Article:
– Russia Cancels Second Consecutive Government Bond Auction Due To “Market Conditions” (ZeroHedge, Feb 4, 2014):
In the aftermath of yesterday’s Developed Market rout, it may come as a surprise how – relatively – quiet the EM bourses were. Because while the now ongoing Argentina reserve depletion continues (the country has $28 billion left – a drain of over $2 billion in two weeks, the Turkish political instability is still there, and everyone from Hungary to South Africa to India are lamenting the Fed’s taper, for the most part traders were ignoring developments out of the emerging world. This may change today when just over an hour ago, Russia announced it would cancel a bond auction for the second consecutive week after an emerging-market rout sent yields on January 2028 bonds to record highs. The reason cite: market conditions.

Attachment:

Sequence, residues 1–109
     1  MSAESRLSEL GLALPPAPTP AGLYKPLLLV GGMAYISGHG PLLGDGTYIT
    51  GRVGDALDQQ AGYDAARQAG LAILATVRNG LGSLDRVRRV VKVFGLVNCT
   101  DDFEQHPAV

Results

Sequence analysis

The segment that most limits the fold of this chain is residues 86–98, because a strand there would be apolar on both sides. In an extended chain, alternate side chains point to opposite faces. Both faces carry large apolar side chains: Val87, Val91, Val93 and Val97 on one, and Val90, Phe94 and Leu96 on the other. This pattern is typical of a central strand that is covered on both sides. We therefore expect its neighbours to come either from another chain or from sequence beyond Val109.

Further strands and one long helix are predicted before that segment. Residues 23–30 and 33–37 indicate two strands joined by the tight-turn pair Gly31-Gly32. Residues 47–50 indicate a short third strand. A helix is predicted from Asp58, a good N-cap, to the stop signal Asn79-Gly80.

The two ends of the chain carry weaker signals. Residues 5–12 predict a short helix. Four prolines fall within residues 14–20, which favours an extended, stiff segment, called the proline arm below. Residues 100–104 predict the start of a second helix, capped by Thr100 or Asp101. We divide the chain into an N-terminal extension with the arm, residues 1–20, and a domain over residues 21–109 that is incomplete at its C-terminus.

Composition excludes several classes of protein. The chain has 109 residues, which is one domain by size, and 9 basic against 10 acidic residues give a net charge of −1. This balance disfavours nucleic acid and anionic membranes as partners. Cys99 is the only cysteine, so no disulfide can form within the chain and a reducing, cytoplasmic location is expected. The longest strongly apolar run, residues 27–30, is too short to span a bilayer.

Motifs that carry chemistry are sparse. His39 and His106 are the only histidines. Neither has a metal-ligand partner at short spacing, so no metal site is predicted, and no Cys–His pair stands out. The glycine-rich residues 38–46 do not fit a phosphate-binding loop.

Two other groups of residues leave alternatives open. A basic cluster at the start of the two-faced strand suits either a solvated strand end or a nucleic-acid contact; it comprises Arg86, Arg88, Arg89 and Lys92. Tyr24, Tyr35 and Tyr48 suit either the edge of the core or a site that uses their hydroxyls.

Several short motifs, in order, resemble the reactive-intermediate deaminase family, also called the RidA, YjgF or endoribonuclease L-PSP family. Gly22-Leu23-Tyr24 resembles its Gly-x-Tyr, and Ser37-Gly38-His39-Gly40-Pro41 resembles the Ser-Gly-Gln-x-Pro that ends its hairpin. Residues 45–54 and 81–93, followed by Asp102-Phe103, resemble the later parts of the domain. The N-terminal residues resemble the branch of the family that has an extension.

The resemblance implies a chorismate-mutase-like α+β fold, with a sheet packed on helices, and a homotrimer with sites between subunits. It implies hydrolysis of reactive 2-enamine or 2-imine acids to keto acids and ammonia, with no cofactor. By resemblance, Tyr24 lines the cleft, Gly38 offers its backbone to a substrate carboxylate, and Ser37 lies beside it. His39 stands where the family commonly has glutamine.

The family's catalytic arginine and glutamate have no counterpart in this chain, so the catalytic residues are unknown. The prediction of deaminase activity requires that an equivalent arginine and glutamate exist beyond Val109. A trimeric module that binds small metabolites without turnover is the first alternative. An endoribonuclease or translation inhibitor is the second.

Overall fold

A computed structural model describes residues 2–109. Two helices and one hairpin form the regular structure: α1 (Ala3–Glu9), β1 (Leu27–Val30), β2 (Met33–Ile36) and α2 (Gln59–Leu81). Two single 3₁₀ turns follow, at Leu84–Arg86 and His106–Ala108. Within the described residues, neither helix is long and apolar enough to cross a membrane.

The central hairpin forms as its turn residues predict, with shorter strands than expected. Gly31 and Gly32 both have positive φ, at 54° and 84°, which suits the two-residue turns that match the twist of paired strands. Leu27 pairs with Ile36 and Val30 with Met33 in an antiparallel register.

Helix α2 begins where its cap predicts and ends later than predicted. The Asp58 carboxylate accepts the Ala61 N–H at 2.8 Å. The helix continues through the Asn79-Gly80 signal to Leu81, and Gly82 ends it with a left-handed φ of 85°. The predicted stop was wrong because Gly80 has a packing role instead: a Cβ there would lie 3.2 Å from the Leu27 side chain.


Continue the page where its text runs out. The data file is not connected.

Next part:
The Finance Ministry scrapped the sale after “an analysis of market conditions,” it said in a website statement today. The government plans to offer 275 billion rubles ($7.8 billion) of securities this quarter, according to a timetable published at the end of last year.
Appetite for riskier developing-nation assets has soured amid signs of a slowdown in China as the Federal Reserve cut stimulus. The yield on the 2028 security fell one basis point, or 0.01 percentage point, to 8.44 percent today, compared with a record high of 8.58 percent on Jan. 30.
The ruble has weakened 6.9 percent this year, the worst-performing among 24 emerging-market currencies tracked by Bloomberg after Argentina’s peso.
Below is the rather unverbose statement posted on the Minfin.ru website:
On 5 February, 2014 OFZ auction cancellation
The Ministry of Finance of the Russian Federation hereby informs on OFZ auction cancellation on 5 February, 2014. Decision to cancel the auction was taken with a view to the current market conditions.
It goes without saying that one particular group of investors hoping the history does not rhyme are those currently holding Russian assets: after all the last emerging market crisis which peaked in 1998 did not have a happy ending for anyone invested in Russia. Or LTCM’s Nobel-prize winning economists’ models for that matter.